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Studies in John’s Gospel – Series Index

Reta Halteman Finger began her Bible study blog, Reta’s Reflections with a study of 1 Corinthians, and then for her second Bible study series took up the Fourth Gospel— the Gospel according to John. Learn more about CFT’s Reta’s Reflections Bible Study blog.

At the conclusion of the 1 Corinthian series we put the question to our Facebook community, “What book would you like Reta to take up next?”  The Gospel of John was one of the top choices, and Reta provided another reason that it would be appropriate for the next study. She says:

“I chose the fourth Gospel for our second lesson series because I think it is the most thoroughly feminist writing in our New Testament. Most Christians don’t know that—but all the more reason to get acquainted with this tough, tender, mothering Jesus who befriends women as well as men.”

(Posts are in reverse order of publication, with the first of the series at the bottom.)

Postscript: The Reception of John’s Gospel

“The biblical canon—the list of books that comprise the Bible as we know it today— was not fixed until the mid or late 4th century. Long before that, however, churches developed lists of texts appropriate for reading in their assemblies. The Synoptic Gospels were a shoo-in from the beginning, since Jesus was the central authority figure for Christians. But some, especially Jewish Christians, questioned John’s Gospel because it portrayed Jesus as more divine and less human than did the Synoptics.”

The Rehabilitation of Peter—John 21:15-25

What does the author intend by using two different words for ‘love’ in John 21:15-17? ‘Agape’ is the all-encompassing love from God that enables disciples to be kind and accepting toward everyone, whether or not they are lovable. ‘Philos’ is the warm affection friends have for each other.

A Fish Story:  Mother Jesus Serves Breakfast—John 21:1-14

“By the time everyone arrives, Jesus is making breakfast, just as he did back in John 6 when he fed 5000 people. Like an ordinary housewife, he fries flatbread and cooks some of the fish they had just caught. I can see the disciples standing around awkwardly, unused to helping with women’s work, and not knowing what to say (v 12).”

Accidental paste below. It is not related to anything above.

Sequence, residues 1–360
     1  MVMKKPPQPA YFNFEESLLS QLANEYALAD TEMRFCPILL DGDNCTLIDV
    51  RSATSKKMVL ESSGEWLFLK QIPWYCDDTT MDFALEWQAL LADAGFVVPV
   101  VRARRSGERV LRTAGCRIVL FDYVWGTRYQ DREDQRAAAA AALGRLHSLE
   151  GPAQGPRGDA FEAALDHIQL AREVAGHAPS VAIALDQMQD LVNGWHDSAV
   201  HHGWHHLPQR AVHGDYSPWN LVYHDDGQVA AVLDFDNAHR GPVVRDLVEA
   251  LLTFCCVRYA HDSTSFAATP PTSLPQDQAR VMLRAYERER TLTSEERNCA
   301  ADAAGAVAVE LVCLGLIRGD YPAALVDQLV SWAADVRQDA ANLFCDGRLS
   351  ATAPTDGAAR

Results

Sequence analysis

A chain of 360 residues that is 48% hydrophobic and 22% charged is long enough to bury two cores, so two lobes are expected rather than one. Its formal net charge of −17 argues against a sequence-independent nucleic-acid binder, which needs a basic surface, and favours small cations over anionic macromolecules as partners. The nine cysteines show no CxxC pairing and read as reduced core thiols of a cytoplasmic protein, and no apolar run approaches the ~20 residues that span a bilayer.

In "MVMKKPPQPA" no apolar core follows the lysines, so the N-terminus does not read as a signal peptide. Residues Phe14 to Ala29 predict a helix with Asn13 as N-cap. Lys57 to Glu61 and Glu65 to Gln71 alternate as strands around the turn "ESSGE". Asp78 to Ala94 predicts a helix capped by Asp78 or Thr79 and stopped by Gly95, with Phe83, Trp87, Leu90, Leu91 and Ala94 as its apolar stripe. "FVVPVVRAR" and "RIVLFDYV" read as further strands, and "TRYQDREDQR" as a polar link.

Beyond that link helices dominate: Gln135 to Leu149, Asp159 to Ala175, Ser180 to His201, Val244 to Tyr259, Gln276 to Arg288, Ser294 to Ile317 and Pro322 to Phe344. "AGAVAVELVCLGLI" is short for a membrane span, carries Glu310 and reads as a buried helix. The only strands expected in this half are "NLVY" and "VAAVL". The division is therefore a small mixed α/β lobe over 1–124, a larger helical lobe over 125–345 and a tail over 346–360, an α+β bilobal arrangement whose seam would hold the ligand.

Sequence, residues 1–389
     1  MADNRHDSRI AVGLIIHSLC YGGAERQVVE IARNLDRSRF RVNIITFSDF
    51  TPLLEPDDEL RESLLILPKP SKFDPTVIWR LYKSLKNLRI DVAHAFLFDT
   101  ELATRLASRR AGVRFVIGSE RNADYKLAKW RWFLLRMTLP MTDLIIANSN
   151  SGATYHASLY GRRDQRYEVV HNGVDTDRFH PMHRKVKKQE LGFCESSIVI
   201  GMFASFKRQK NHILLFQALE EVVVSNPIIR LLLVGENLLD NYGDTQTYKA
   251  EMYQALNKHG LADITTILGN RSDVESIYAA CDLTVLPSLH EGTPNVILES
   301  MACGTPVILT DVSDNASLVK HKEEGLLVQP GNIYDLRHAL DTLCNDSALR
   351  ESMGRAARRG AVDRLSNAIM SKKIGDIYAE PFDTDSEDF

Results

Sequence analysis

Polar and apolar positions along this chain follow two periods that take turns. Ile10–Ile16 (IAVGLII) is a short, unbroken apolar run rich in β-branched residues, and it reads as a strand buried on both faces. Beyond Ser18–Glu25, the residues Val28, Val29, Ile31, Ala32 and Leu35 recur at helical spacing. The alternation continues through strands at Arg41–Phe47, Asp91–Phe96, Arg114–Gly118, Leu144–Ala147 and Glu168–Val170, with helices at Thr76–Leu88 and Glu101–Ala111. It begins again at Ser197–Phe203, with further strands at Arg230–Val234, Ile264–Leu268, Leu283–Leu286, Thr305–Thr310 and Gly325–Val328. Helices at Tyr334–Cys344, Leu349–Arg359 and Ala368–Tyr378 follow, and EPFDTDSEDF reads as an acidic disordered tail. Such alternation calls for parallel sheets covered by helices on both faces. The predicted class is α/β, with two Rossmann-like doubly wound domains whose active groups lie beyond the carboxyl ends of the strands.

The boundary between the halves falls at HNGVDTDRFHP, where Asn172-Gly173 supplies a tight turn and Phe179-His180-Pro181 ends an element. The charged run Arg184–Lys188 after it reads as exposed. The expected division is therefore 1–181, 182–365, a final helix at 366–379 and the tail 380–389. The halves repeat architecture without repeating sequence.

A “Touching” Group Appearance—John 20:19-31

"Within our current Western worldview, a dead body that becomes alive again cannot be explained by biology or physics. Thus, some Christians see Jesus’s resurrection as less a physical reality and more as a metaphor for new life and new spiritual insight. However, it is quite clear that Jesus’s disciples and the early church were totally convinced that Jesus had been bodily raised from death; some claimed to have seen and touched him! Otherwise, he would have been a failed messiah, and everyone would have gone back to their former lives and hoped for the real one to show up."

A Pivotal Reunion in the Garden—John 20:1-18

“As a feminist reader, I page back through this Gospel looking for people ‘in the know,’ and I find they are mostly women! Mary Magdalene’s knowing in today’s lesson parallels that of other prominent women in this Gospel: Jesus's mother, the Samaritan woman at the well, Martha of Bethany, and Mary of Bethany."

Jesus’s Burial and the Meaning of the Empty Tomb—John 19:38-20:10

"If they could afford it, Judeans buried their dead in a lengthy process. The first stage happened quickly, however. Between the last breath and sundown, the body was washed and anointed with spices, usually by women, and then laid on a shelf in a tomb cut out of the limestone bedrock around Jerusalem. Rites of mourning would begin at that time and continue for a full year. During that time, the flesh would rot away, leaving only the bones by the end of the year. This decomposition was necessary as a way for the person’s sins to be expiated. "

Crucified, Dead, and Buried—John 19:16b-42

"There was nothing romantic about crucifixion. The victims had been stripped naked, their 10-level pain laced with public humiliation and shame. Many lingered for days, covered in their own excrement. From the onlookers’ mocking point of view, they got what they deserved. After they died, corpses were usually left hanging for birds and other predators to pick their bones clean. Crucifixions were Rome’s most dramatic advertisements to occupied peoples: 'We’re in charge. Don’t mess with us, or you’re next!'”

Jesus, Pilate, and “The Jews”: The Empire Strikes Back—John 18:28–19:16a

"Scene 1 is an honor challenge. The elite Judeans have decided in 11:47-53 that Jesus must die. But stoning him for religious reasons will only turn the common people against them. Rome must view him as a political threat and crucify him for rebellion. Hence the Judeans’ smart alecky retort in John 18:30, indicating that, of course, Jesus is a criminal. Why else would they have brought him to Pilate?"

Jesus’s Trial before Pilate: Not What You Expect—John 18:29-19:16a